The Hayabusa2 extended mission, led by the Japan Aerospace Exploration Agency (JAXA), is a rendezvous mission that plans to rendezvous with asteroid 1998 KY26 in 2031 and fly by asteroid 2001 CC21 in 2026. While cruising, the spacecraft will also continue to observe the zodiacal light and exoplanets. The major science objectives of this mission are (1) constraining the origin and evolution mechanism of small asteroids and (2) establishing knowledge about planetary defense.

The rendezvous target 1998 KY26 has been observed by optical observations and ground radar in detail [e.g., Ostro et al., 1999]. This is a near-Earth asteroid with a 20 m – 40 m and a spin period of 10.7 min. Also, the radar-derived shape model infers that the shape is relatively round but still has a high uncertainty. The surface color is dark, implying the potential taxonomic classes associated with a mixture of carbonaceous materials and mafic silicates (B, C, F, G, D, P) [Ostro et al., 1999]. The reported roughness at centimeter-to-decimeter scales suggests exposed bear rocks [Ostro et al., 1999].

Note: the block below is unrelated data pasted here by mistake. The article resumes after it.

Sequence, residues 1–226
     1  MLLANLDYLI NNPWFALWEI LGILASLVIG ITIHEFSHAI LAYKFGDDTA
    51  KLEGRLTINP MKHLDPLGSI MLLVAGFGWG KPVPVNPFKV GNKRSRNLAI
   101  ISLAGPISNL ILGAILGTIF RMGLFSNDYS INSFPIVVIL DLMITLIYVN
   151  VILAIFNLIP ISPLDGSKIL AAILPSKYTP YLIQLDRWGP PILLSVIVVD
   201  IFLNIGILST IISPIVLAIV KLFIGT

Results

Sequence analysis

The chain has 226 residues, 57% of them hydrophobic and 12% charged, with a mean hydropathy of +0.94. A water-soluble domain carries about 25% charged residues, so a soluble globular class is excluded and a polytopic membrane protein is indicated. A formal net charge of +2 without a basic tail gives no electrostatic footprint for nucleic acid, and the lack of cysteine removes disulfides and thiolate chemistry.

The centrifugal force is a dominant element controlling this asteroid’s geophysical properties. The bulk density should be higher than 2,800 kg/m3 to keep surface materials. If the bulk density is lower than that, the surface slope should reach 180 deg in the equatorial region, and thus particles on the surface can be lofted if there is no attraction. Identifying particles in this region will constrain the roles of cohesion. On the other hand, the polar regions may still be gravity-dominant, where small particles may preferably rest on the surface there. If particle ejection is active, those not escaping from the body may orbit for some period and eventually be accumulated in these regions. The internal structure is always tensile everywhere, although the tensile stress is low, and the bulk cohesive strength necessary to sustain the body is only ~20 Pa, which is within the reported strength of rubble pile bodies [Hirabayashi et al., 2021]. If this is the case, while the monolithic condition is favored, the rubble pile structure is still plausible. Furthermore, because of its size, the orbital and rotational conditions change due to the Yarkovsky and YORP effects in a short period [Vokrouhlický et al., 2000; Tholen, 2003; Nesvorný and Vokrouhlický, 2008].